A Gauss-Newton algorithm finds model parameters that best fit some data after a non-linear transform. This particular objective function does not look like an inversion at first glance: we have an objective function and a model, but no data. Let our data be a single value that represents the maximum normalized integral of semblances.

A Gauss Newton algorithm requires three transforms.

First we need a full non-linear calculation of the data from the model. Forward integrate semblance $S( m, \svector{x})$ over moveouts $m$ and positions $\svector{x}$:

  $\displaystyle d = \int S [ m(\svector{x}), \svector{x}] d \svector{x}.
$ (2)

Next, we need a linearized perturbation of the data $\Delta d$ for a perturbation of the model $\Delta m$ – i.e. a gradient:

  $\displaystyle \Delta d =
\int {\textstyle \frac{\partial}{\partial m}} S [ m(\svector{x}), \svector{x}]
\, \Delta m(\svector{x}) d \svector{x}.
$ (3)

Finally, we need the adjoint of the linearized forward transform:

  $\displaystyle \Delta m (\svector{x}) = {\textstyle \frac{\partial}{\partial m} }
S [ m(\svector{x}), \svector{x}] \, \Delta d .
$ (4)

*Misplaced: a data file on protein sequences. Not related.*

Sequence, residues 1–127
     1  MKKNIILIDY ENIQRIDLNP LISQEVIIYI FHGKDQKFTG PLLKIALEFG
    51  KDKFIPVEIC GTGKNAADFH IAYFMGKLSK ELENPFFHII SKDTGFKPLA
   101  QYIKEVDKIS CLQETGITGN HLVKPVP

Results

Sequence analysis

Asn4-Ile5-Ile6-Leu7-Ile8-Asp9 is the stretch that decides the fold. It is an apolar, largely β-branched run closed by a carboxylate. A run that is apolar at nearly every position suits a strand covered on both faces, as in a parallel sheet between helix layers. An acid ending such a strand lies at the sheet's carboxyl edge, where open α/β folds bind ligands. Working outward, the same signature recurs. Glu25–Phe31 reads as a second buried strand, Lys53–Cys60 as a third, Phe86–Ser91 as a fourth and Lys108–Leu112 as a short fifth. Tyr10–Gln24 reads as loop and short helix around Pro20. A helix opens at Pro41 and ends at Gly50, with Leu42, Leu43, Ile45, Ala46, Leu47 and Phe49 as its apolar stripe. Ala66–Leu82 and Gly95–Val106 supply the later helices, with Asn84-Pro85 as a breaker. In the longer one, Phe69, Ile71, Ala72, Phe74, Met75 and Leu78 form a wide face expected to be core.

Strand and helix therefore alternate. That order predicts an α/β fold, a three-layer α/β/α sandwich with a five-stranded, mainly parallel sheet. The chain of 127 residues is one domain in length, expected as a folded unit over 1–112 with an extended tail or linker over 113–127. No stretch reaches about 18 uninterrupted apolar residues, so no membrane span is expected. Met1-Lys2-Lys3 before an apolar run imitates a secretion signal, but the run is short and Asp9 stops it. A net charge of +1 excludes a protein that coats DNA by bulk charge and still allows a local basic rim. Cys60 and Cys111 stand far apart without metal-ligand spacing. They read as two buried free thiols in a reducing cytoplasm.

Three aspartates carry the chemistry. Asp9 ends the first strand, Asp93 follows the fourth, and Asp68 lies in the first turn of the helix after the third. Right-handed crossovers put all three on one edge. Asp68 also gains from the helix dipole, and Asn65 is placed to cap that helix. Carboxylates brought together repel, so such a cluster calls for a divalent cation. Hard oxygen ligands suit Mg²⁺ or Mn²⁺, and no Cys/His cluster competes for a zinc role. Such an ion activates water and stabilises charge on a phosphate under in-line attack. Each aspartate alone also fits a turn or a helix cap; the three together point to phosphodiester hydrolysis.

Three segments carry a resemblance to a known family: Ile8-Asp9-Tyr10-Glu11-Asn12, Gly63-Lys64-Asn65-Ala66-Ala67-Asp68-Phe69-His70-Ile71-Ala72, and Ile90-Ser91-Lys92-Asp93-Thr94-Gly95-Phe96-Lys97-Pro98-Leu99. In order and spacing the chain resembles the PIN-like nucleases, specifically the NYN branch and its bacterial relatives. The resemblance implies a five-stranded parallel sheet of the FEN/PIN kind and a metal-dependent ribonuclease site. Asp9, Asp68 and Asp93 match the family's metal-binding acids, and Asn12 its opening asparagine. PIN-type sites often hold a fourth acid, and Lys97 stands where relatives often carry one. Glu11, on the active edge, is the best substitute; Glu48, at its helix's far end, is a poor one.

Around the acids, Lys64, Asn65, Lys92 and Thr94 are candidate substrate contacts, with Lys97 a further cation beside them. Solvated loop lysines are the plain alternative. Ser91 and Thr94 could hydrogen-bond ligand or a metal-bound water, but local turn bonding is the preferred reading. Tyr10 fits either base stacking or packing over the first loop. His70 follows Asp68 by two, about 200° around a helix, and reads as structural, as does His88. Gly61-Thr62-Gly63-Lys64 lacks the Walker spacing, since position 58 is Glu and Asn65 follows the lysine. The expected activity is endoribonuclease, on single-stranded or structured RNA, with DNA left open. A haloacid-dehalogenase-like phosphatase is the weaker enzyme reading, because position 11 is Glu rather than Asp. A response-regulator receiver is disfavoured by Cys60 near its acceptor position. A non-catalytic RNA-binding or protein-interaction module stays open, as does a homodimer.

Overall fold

Set data $d$ to the maximum possible normalized sum and plug into your favorite Gauss-Newton solver.

Actually, the conventional solver requires one modification. In early iterations, the moveout surface is far from the optimum peaks. The surface needs to be close enough to a peak for the gradient to push the solution in the correct direction. Fortunately, John Toldi had a clever solution. In early iterations the surface should be extremely stiff with perhaps only a few basis functions over the range of each dimension. The semblance cube should be heavily smoothed in the direction of the moveout parameter — up to half the allowed range of values in the first iteration. The locations of the peaks are less accurate but the surface always finds itself on a broadened flank with the gradient pointing in the correct direction. After this small number of degrees of freedom has been allowed to converge, then later iterations can reduce the smoothing and increase the number of basis functions. In the final iteration, the semblance volume is not smoothed at all, and the surface is as flexible as the user allows.


J. L. Toldi.
Velocity analysis without picking.
PhD thesis, Stanford University, 1985.
J. L. Toldi.
Velocity analysis without picking.
Geophysics, 54(2):191–199, 1989.
L. Zhang.
Automatic picking and its applications.
Stanford Exploration Project Report,, 70:275–292, 1991.